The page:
Adventists: Let’s Party Like It’s 1901
Until recently (after I started this blog) I hadn’t realized that EGW wasn’t satisfied with the structure of the Adventist organization she had helped to pioneer back in 1901. It’s a thought that has been consuming my mind because so many young people I know—myself included—aren’t satisfied with the Adventist church structure in 2015. This inspires me that real change is not only possible—but more necessary than ever.
Most young Adventists today probably don’t realize that the Adventist church hasn’t always “been this way.” Back in 1861 the Adventist church “got structured” (with the formation of the Michigan Conference). In 1863 the “General Conference” was formed. Fast-forward a bit and you find that Ellen White was already pushing for a reorganization (she also referred to it as a renovation) in 1901.
- She had a desire to see power and authority shared among several rather than monopolized by a few, or even by an individual.
- It was time, she said, to end the “kingly power” of certain leaders of the church, including the heads of the auxiliary organizations, who sought to retain for themselves the power and influence derived from the semi-independent status of their respective organizations.
My thoughts exactly.
As you’re about to witness, I love the fact that EGW wasn’t prepared to settle or to allow room for ridiculous excuses. When she saw things that weren’t okay, she said something. She didn’t want to be a slave to a first impression. Did the fact that she wanted the very best for this body of believers make her anti-Adventist? No.
Here are some interesting paragraphs from Seventh-day Adventist Polity: It’s Historical Development (an interesting document to scan through if you are interested in how the Adventist denominational framework got to where it is now) I bolded what I found to be the most pertinent info in relation to this article and added some commentary of my own in-between (in italics):
In her address to the leaders of the church on the day before the opening of the 1901 session, she said, “What we want now is a reorganization. We want to begin at the foundation, and to build upon a different principle.” A hint was given later in the same address as to what that “different principle” might include. “Greater strength must be brought into the managing force of the Conference,” she asserted; but “just how it [the reorganization] is to be accomplished I can not say.”
How interesting to me that EGW was prepared to blow everything up and start over at the foundation. If she was willing to do that then, what is stopping us from doing that now? The kingly powers, for one (aka the Adventist careerists and professional committee attenders). I also find it very interesting that she didn’t even know exactly how the re-org should happen… I think if she had spelled out anything specific regarding what would have worked in that time there would be people in the here and now that would never deviate.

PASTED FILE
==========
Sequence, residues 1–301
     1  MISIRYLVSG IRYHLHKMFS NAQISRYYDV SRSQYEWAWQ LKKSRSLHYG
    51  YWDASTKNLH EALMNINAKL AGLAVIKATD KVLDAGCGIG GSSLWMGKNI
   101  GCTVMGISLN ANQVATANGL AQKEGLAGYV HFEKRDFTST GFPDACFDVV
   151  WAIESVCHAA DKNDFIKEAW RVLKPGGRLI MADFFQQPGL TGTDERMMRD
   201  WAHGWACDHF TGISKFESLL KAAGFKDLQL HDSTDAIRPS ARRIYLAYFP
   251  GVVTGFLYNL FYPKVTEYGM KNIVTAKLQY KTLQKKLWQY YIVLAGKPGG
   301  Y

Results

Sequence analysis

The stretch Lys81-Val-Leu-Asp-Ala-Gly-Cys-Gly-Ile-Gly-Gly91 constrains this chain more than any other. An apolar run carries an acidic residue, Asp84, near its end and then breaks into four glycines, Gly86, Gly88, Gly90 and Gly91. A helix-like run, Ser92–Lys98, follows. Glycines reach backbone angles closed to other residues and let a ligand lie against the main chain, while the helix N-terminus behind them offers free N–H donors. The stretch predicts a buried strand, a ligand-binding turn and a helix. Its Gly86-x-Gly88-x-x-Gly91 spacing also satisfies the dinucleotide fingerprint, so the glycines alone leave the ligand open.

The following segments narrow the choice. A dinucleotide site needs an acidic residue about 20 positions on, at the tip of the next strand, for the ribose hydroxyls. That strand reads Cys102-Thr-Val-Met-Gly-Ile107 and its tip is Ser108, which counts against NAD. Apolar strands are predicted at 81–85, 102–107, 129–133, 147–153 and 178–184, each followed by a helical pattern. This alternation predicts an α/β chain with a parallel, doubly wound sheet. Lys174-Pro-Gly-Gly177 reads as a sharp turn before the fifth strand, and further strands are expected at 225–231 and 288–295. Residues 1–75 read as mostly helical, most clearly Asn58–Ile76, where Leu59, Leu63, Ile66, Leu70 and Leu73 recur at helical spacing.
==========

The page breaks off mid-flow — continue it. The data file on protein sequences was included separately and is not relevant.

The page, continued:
Thus, the leaders of the church grappled with its structures and administrative policies in response to immediate needs and practical concerns, as the church sought to carry out its mission. That is not to say that there were no underlying biblical, theological, and missiological principles. However, “the sheer necessity of the case” is what invariably led to organizational development. Barry Oliver expresses a similar viewpoint: “Time and place were the conditioning factors which were to determine how the principles were to be implemented.”
The author of this paper points out that immediate needs and practical concerns were the catalyst to organizational change. As I continue to point out, the world has changed drastically while the church has not. There are very immediate needs and practical concerns that exist in 2015 that no one could have imagined back in 1901-1903. I think the sheer necessity of a reorganization far outweighs the sheer necessity of a reorganization back then. This blog and the countless hours I have spent writing for it are proof of the sheer necessity of the times. This time and place is like no other in the history of the world. So a denominational framework from 1903 is showing it’s age; leaving it’s members (and potential members) by way of not catching up with them.